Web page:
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I spent Thursday morning birding Hammonasset Beach State Park in Madison, CT from about 0630-1100. The first sharp cold front of the fall season had moved through the day before. The weather began cloudless with a breeze out of the W-WNW, but then became mostly cloudy with a stiff NW wind by mid-morning. BOBOLINKS put on a big flight, with over one thousand tallied this morning. Flocks maxed out at about 90 birds. There was a modest warbler flight, best of which was a drab young female CAPE MAY WARBLER seen in a mixed flock along the entrance road. The newly-designated Middle Beach parking lot, next to the brand new pavilion, had a small flock of sparrows in which the clear highlight was a really sharp CLAY-COLORED SPARROW. It's my earliest CCSP by several days, but they typically arrive around Sep 20th or so, making them one of our earlier scarce sparrow species. In checking eBird for their bar graph in CT, I was surprised to see that the month of September was void of records.

Hybrid hummingbird, Ash Canyon, AZ - 3 Aug 2010

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UPDATE 9/8/10: It seems certain that this bird is indeed a COSTA'S x LUCIFER HUMMINGBIRD hybrid, apparently the first of its kind recorded. ORIGINAL POST: Ash Canyon, in the Huachuca Mtns of southeast Arizona, has been a hotbed of hybrid hummers this year. Reported hybrid combos have been "Lucifer x Anna's" and "Costa's x Anna's". On my first late summer trip to the southwest, I was pleased to run into an interesting apparent hybrid. While watching the feeders at Mary Jo's in Ash Canyon on 3 Aug 2010, I heard a singing Costa's Hummingbird. Upon tracking the bird down, I was surprised to see a bird that resembled a Costa's but had a noticeably long tail. It sang repeatedly while I was observing it, always producing a typical Costa's song. (click to enlarge) Since it was singing a typical Costa's song the bird is obviously part Costa's...but its long tail, projecting well beyond the UTCs, tells us that thi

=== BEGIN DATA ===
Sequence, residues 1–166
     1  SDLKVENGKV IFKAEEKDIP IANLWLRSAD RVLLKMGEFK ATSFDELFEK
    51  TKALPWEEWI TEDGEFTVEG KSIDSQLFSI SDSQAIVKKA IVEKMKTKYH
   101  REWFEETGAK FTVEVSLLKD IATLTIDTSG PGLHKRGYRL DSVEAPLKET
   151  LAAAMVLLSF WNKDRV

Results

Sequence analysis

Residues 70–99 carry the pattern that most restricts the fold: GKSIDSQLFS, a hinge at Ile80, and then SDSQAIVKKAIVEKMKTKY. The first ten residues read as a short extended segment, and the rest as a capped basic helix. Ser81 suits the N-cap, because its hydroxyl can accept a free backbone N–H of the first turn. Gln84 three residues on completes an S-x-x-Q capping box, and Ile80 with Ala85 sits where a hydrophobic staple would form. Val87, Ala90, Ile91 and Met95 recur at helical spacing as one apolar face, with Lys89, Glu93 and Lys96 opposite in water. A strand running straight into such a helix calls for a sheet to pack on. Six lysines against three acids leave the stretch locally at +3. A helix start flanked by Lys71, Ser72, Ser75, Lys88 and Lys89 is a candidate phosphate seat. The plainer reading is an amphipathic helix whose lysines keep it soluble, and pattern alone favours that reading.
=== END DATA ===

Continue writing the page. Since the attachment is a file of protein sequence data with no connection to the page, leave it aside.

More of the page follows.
T.S. Earl delivers!...sort of

After realizing that Earl would not really be affecting CT very much, a few of us decided to head to Cape Cod in search of seabirds. We arrived at First Encounter at dawn on Saturday morning to a strong WNW wind and intermittent horizontal drizzle. The birding began slowly...at first only Common Terns with a handful of Black Terns were moving. Then the weather cleared, visibility improved, and before we knew it, we were in the middle of a very productive sea watch. Going into today, despite having taken several well-timed pelagics and whale watches out of the northeast, I had not yet seen Sabine's Gull or South Polar Skua. A west coast pelagic would take care of those, but heading into Saturday they were two glaring misses on my life list. I had done a few pelagics, whale watches, and sea watches over the past couple years at times and locations to specifically target them. On Saturday I got those two birds no more than 15 minutes apart. Marshall Iliff spotted a distant skua that

Hurricane Earl approaches

It's a much weakened system as I type this...a minimal CAT 1 with max sustained winds of 80mph. Not quite the healthy CAT 2 that had been forecast! On top of that, the track has shifted ever so slightly east...far enough east to greatly minimize the storm's effects on Connecticut. The southeast Cape and Islands of Massachusetts still stand a chance to get whacked with some nasty weather. It should be enough to produce a decent seabird show at dawn on Saturday. As of right now, that's where I'll be headed very early Saturday morning. I'd be out there right now if not for work getting in the way. Despite this storm being weaker and further away than initially expected, remember that it was one heck of a nasty storm just 24 hours ago and has been moving as a cyclone through the South Atlantic, the Caribbean, and right up the Gulf Stream. It has come into contact with many birds along the way, so really anything from that part of the world could be displaced off the N